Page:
Hosanna! But Who Will Save Jesus?
As they led him away, they seized a man, Simon of Cyrene, who was coming from the country, and they laid the cross on him, and made him carry it behind Jesus. A great number of the people followed him, and among them were women who were beating their breasts and wailing for him.
But Jesus turned to them and said, "Daughters of Jerusalem, do not weep for me, but weep for yourselves and for your children. For the days are surely coming when they will say, 'Blessed are the barren, and the wombs that never bore, and the breasts that never nursed.’ Then they will begin to say to the mountains, 'Fall on us'; and to the hills, 'Cover us.’ For if they do this when the wood is green, what will happen when it is dry?”
Two others also, who were criminals, were led away to be put to death with him. When they came to the place that is called The Skull, they crucified Jesus there with the criminals, one on his right and one on his left.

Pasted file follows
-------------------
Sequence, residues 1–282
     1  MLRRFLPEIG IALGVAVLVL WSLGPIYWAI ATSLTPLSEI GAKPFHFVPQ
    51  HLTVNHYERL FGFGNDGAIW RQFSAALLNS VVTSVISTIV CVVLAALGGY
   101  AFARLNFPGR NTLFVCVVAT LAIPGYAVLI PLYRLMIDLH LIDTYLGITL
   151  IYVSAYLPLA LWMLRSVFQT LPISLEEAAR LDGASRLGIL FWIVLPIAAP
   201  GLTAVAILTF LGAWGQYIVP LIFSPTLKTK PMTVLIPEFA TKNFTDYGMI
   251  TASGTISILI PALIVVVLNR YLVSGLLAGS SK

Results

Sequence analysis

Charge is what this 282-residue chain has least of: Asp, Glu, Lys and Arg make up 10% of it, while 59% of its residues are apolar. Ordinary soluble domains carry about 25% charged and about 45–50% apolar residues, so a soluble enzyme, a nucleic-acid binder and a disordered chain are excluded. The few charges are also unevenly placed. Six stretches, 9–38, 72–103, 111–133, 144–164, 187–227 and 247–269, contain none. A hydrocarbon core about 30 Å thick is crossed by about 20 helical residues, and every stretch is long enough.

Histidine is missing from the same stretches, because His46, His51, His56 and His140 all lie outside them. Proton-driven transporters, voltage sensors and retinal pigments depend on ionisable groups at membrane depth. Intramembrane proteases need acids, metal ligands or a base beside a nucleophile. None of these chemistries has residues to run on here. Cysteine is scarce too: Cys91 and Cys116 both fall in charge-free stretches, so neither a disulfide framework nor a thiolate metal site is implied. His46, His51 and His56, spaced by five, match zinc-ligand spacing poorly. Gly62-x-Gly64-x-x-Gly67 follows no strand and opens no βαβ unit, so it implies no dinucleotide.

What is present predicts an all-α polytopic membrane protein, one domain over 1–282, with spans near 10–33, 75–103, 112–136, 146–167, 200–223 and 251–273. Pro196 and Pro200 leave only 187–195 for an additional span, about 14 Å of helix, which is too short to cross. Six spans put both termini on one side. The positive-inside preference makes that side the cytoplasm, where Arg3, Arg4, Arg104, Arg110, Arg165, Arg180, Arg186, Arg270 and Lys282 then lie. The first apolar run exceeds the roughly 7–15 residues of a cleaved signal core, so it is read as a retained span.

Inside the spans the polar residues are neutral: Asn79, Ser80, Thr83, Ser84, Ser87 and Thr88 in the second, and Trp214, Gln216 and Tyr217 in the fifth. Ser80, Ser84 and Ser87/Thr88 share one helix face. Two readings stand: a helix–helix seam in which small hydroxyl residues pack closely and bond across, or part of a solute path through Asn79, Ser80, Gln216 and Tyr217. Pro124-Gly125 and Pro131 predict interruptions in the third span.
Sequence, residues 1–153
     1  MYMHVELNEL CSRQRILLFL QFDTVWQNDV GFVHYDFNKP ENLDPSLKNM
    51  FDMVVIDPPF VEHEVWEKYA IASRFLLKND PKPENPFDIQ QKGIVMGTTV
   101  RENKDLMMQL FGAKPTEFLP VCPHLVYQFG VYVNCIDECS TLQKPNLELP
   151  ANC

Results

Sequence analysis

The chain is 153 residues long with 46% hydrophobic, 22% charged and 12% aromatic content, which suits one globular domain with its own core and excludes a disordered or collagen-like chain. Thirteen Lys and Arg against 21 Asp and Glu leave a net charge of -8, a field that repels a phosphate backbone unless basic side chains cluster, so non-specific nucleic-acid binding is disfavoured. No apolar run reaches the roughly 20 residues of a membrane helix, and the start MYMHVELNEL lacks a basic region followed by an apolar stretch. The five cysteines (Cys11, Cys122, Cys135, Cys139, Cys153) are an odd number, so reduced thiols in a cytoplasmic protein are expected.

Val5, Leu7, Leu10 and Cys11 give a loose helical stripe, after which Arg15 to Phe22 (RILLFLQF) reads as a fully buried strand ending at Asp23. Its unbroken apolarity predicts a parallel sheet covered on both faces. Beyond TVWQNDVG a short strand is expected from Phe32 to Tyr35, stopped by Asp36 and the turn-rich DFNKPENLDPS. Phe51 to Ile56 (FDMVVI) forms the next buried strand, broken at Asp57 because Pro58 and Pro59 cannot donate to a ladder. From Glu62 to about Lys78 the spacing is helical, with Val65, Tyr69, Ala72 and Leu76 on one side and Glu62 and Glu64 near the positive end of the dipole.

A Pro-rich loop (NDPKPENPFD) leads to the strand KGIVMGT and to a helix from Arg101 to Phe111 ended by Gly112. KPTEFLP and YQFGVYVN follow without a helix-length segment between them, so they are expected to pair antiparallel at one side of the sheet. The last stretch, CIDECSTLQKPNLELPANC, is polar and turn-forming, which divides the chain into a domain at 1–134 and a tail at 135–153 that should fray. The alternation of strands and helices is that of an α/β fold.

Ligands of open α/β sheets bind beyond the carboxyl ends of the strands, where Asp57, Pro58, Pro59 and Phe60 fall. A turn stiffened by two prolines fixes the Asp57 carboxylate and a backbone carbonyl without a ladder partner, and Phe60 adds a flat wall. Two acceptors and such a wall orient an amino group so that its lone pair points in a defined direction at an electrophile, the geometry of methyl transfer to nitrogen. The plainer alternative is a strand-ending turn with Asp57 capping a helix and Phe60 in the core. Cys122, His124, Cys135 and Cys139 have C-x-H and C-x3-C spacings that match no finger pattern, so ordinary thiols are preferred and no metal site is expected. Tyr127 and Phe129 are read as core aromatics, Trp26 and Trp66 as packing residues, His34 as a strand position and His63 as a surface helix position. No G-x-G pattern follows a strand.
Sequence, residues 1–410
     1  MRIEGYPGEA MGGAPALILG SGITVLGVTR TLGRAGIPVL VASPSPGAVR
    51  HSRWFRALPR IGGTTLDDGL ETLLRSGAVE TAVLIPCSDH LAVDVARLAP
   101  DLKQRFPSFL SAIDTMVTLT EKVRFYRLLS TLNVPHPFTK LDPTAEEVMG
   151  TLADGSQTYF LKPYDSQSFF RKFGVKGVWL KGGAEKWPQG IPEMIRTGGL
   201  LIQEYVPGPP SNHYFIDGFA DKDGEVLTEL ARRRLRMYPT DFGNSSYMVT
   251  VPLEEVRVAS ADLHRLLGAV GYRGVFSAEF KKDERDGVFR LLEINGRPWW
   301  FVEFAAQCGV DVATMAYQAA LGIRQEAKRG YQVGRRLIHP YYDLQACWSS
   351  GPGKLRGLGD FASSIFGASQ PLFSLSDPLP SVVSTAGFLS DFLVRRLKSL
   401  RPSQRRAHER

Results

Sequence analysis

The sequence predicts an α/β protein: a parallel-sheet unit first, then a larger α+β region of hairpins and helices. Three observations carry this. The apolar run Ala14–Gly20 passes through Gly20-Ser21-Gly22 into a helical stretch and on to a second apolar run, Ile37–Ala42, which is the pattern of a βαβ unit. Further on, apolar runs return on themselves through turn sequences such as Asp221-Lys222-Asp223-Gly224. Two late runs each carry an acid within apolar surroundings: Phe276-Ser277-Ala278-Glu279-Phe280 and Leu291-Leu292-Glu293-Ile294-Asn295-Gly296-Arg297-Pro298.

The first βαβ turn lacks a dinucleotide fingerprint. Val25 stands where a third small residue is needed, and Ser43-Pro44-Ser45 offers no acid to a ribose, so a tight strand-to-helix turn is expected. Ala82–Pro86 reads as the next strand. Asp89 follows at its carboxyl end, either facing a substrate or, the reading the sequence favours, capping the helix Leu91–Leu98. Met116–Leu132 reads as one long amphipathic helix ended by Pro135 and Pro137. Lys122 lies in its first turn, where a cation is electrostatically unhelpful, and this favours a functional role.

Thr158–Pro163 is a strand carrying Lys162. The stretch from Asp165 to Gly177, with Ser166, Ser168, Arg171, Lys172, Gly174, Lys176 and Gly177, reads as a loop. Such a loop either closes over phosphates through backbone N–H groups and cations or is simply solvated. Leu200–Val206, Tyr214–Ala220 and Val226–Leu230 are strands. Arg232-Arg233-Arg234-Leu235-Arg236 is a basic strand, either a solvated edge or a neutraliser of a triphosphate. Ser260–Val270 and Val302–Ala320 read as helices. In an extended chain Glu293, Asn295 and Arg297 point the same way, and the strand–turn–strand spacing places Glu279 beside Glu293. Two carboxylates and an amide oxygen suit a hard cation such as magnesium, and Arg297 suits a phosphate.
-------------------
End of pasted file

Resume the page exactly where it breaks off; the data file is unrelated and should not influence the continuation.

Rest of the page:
Then Jesus said, "Father, forgive them; for they do not know what they are doing." And they cast lots to divide his clothing. And the people stood by, watching; but the leaders scoffed at him, saying, "He saved others; let him save himself if he is the Messiah of God, his chosen one!"
The soldiers also mocked him, coming up and offering him sour wine, and saying, "If you are the King of the Jews, save yourself!"
There was also an inscription over him, "This is the King of the Jews."
One of the criminals who were hanged there kept deriding him and saying, "Are you not the Messiah? Save yourself and us!"
But the other rebuked him, saying, "Do you not fear God, since you are under the same sentence of condemnation? And we indeed have been condemned justly, for we are getting what we deserve for our deeds, but this man has done nothing wrong."
Then he said, "Jesus, remember me when you come into your kingdom."
He replied, "Truly I tell you, today you will be with me in Paradise."
It was now about noon, and darkness came over the whole land until three in the afternoon, while the sun's light failed; and the curtain of the temple was torn in two.